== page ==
10 I appeal to you, brothers and sisters, in the name of our Lord Jesus Christ, that all of you agree with one another in what you say and that there be no divisions among you, but that you be perfectly united in mind and thought. 11 My brothers and sisters, some from Chloe’s household have informed me that there are quarrels among you. 12 What I mean is this: One of you says, “I follow Paul”; another, “I follow Apollos”; another, “I follow Cephas”; still another, “I follow Christ.” 13 Is Christ divided? Was Paul crucified for you? Were you baptized in the name of Paul? 14 I thank God that I did not baptize any of you except Crispus and Gaius, 15 so no one can say that you were baptized in my name. 16 (Yes, I also baptized the household of Stephanas; beyond that, I don’t remember if I baptized anyone else.) 17 For Christ did not send me to baptize, but to preach the gospel — not with wisdom and eloquence, lest the cross of Christ be emptied of its power.
Verse 10 marks the sharp transition from prior thanksgiving into issues within the Corinthian church. Paul states from the outset that a problem within the church demands resolution “in the name of our Lord Jesus Christ” (1 Cor. 1:10). Hidden within the English translations is a threefold repetition of the word for “same” — “all say the same thing” (1 Cor. 1:10, NET Bible margin) . . . “be restored with the same mind and the same purpose” (1 Cor. 1:10b, Common English Bible).
The Greek verb Paul employs for “agree” (1 Cor. 1:10) is colorful. It is used in Mark 1:19 for mending a torn fishing net; it also was used to describe setting a broken bone. The restoration of unity in relation to witness, mind and purpose would satisfy the appeal that “there be no divisions among you” (1 Cor. 1:10). We do best in applying these ideas when we stress Paul’s solution — a thorough pursuit of unity — rather than entering into speculation about the exact nature of the disagreements in the Corinthian church.
In calling the Corinthians “brothers and sisters” (1 Cor. 1:11), Paul speaks as no Roman would speak except to a blood relative. He is emphasizing their unity in Christ. Paul has had word of actual quarrels in the church that involve people taking different sides. Paul identifies these groups by using the names Paul, Apollos, Cephas (Peter), and Christ (1 Cor. 1:12). The best explanation appears to be that Paul made up the slogans (e.g. “I am of Apollos”) to be put-downs of such petty bickering rather than actual self-designations by the groups involved. He presents a childish caricature to illustrate the presence of radical individuality in the church.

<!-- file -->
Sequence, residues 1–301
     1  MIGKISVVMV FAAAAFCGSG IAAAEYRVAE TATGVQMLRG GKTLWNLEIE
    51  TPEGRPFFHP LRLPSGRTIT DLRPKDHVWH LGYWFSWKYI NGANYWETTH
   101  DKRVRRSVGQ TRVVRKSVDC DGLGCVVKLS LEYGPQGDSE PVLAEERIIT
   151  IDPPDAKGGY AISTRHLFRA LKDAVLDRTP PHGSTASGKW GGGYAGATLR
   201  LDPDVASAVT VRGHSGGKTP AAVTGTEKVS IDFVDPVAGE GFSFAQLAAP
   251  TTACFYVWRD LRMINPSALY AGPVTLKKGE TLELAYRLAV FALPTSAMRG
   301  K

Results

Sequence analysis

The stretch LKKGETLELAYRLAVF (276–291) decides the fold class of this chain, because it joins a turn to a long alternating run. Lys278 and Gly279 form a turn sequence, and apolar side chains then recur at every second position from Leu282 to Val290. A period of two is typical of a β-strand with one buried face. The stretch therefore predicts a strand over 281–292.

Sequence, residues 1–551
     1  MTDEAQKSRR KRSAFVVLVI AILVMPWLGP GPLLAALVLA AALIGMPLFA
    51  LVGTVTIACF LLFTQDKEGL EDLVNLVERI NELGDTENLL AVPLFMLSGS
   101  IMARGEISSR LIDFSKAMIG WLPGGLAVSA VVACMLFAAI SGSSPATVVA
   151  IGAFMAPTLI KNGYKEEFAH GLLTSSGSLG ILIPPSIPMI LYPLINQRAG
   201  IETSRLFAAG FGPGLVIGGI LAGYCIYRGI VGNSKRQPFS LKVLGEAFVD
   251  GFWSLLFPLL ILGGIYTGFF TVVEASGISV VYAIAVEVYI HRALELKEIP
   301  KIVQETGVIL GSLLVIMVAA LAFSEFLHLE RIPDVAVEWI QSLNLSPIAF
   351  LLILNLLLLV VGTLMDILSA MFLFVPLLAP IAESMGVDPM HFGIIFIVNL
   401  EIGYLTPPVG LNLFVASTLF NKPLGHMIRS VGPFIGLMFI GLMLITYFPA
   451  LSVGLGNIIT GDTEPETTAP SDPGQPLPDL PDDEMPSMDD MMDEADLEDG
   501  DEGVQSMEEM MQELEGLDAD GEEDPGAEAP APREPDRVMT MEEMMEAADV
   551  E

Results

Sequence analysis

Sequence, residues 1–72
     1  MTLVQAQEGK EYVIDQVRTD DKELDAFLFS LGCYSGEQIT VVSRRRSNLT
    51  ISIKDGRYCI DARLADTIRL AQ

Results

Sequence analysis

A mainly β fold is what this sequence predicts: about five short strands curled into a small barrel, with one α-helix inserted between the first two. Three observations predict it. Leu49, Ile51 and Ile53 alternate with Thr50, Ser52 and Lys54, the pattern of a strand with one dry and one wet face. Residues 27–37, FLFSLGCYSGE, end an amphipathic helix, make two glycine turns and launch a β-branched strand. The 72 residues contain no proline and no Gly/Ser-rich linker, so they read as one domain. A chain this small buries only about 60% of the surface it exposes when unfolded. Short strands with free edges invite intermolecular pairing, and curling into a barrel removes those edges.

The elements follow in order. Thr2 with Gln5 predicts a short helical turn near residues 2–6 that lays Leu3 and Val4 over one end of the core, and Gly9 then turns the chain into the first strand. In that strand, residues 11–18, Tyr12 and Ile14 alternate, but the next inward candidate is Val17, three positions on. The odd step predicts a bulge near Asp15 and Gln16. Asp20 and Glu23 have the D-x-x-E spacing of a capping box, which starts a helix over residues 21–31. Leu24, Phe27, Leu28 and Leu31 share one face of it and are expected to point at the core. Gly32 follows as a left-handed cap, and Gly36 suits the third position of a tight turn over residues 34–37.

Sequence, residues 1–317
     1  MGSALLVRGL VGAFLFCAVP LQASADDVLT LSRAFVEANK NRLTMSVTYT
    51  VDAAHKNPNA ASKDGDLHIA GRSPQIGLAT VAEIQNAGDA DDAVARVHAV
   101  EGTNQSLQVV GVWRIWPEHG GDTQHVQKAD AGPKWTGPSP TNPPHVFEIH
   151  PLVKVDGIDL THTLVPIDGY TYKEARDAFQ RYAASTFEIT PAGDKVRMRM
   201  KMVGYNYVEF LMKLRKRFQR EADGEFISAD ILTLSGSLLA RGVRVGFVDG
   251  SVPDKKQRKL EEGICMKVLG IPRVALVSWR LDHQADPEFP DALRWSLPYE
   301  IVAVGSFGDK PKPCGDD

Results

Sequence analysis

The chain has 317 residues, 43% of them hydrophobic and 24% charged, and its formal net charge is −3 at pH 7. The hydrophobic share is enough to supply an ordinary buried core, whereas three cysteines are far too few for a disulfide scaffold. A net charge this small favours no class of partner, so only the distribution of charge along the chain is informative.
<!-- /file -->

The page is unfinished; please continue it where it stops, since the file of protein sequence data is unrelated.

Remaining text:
It is likely that the final clause “I follow Christ” is a sample of Paul’s sarcasm, yet it has a literary purpose in that it allows Paul to simultaneously lampoon the divisions while gathering all of the Corinthian Christians under the banner of Christ as he develops his argument.
In 1 Cor. 1:13, Paul resorts to shocking language to make his point. The question “Is Christ divided?” expects the answer yes! By their disunity, it is as if Christ has been torn into parts! Greek grammar next signals that the following two questions (“Was Paul crucified for you? Were you baptized in the name of Paul?”) expect the answer no. It is absurd to put Paul on the level of Christ, who alone went to the cross for our sins. Equally foolish is the idea that anyone would have been baptized into union with Paul — no!
Almost as an aside, Paul mentions baptizing Crispus and Gaius (1 Cor. 1:14). We learn in Acts 18:8 that “Crispus, the synagogue leader, and his entire household believed in the Lord.” They were among the first to believe Paul’s preaching in Corinth. Another who trusted in Christ was Titius Justus, a Gentile whose large house stood next to the synagogue (Acts 18:7). When Paul mentions in Rom. 16:23 “Gaius, whose hospitality I and the whole church here enjoy,” many believe his full name is Gaius Titius Justus.
Paul returns to the subject of 1 Cor. 1:1, his sending by Christ. He was sent to preach the good news with plain speech about “the cross of Christ” (1 Cor. 1:17) because those persuaded by clever rhetoric would not experience the power of Christ’s death and resurrection. No one, then or now, is won by clever speech; we gain salvation only by trusting in Jesus, who died for us on the cross and rose again to a new life for God.
This post discusses a Christian response to poverty caused by misfortune such as disaster, death of a spouse, job loss, war-trauma or illness. (I am not talking about those who prefer a life of drug abuse or petty crime.)